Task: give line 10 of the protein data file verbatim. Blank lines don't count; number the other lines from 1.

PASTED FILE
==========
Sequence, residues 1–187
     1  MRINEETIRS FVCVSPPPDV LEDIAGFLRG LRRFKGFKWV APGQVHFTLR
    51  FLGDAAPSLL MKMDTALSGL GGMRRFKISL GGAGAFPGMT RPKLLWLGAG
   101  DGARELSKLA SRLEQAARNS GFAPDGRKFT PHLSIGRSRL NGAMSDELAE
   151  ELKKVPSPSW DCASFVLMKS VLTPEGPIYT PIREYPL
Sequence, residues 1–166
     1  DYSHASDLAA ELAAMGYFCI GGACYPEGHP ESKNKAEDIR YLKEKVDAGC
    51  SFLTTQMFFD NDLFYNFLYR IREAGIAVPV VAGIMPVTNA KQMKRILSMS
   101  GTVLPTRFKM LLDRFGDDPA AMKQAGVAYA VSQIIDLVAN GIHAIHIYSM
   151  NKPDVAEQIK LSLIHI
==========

   151  NKPDVAEQIK LSLIHI